Two very different takes on this question. I don’t like the idea of immersive art that moves and has music. The quote stating …”to create their own impressionist masterpieces ” strikes me as insulting to the artist’s original work. In other words, if people want to see art, go to the museums and see it. If you want to model yourself after Van Gogh, take a class or learn about his work–dare I say it–from books? It strikes me as dumbing down paintings. Do you have to be coddled into admiring great works of art so that you appreciate it? Immersive sounds gimmicky and sophomoric. This idea that people have to be entertained with new approaches to artists or historical figures in order to not be bored is a terrible one.

  7. ASK Said:

    The first time I saw Van Gogh’s real “The Starry Night,” in Paris, the painting seemed alive and vibrated with energy and color. I would not pay $45 to see the “expanded” version when the Van Gogh show arrived in New York. I believe we are selling our own senses short with these so-called enhanced experiences.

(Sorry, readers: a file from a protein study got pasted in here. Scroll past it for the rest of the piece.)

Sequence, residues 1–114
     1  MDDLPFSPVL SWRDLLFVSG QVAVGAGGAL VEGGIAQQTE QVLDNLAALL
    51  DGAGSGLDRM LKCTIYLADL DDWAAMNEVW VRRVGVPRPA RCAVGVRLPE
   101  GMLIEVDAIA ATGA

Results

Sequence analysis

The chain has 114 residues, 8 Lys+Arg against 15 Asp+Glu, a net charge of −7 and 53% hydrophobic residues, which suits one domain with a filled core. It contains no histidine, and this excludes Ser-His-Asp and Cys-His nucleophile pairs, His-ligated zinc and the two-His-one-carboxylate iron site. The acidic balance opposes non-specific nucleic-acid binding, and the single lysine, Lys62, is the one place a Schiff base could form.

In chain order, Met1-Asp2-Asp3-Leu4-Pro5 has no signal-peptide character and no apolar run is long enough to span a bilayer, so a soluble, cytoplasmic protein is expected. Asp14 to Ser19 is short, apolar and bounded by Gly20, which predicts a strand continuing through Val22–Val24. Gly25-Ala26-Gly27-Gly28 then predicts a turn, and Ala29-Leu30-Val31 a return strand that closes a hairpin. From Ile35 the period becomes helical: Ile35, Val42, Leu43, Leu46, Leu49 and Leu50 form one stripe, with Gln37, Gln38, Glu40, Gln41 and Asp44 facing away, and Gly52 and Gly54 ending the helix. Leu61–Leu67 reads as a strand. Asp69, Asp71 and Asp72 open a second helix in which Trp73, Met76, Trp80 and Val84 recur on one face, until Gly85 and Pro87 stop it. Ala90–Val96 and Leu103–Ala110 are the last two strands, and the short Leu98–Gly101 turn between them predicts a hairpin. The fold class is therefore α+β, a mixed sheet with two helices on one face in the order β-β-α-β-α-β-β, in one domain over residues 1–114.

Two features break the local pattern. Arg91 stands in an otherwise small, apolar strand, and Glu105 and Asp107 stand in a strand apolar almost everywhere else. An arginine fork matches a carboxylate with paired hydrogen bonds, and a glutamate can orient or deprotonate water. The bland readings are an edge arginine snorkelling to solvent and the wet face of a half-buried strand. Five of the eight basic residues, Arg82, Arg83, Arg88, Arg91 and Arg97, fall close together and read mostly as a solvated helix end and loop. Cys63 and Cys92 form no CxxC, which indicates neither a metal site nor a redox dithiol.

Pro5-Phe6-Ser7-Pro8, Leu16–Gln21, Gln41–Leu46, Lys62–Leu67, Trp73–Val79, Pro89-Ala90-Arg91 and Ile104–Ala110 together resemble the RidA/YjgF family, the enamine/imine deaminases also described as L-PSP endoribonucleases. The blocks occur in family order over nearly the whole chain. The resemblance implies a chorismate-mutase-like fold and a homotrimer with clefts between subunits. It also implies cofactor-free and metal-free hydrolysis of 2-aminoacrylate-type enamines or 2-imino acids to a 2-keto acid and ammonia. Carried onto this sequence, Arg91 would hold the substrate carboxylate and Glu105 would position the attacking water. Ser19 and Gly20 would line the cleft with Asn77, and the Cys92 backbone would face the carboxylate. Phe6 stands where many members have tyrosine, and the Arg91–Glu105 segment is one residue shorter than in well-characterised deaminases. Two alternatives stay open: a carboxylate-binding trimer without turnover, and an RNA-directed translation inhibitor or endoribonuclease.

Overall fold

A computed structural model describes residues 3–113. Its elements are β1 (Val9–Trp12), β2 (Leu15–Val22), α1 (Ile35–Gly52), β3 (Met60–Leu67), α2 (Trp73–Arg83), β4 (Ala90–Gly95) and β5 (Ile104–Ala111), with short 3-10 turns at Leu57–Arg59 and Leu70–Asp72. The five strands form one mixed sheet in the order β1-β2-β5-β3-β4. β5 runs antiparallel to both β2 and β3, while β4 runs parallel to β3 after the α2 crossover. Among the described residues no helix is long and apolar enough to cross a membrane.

8. Jeanne Byington Said:

    D Manzaluni,

    I was lucky in that I went to college in Boston so for our art courses we were sent to explore the Museum of Fine Arts. Pretty sure my paper was on Modigliani. There are art galleries and museums all over the country so that most students could investigate original work and wouldn’t need to be enthralled by glitz. Take Poughkeepsie, NY. Entrance to the museum at Vassar college is free. Same with New Haven. The Yale art museum is free. I visited these museums often and never got tired of their collections. Williamstown, Mass. has two museums–the Clark Art Institute and the one at Williams College. You get my point. No need for bells and whistles.

  9. Jeanne Byington Said: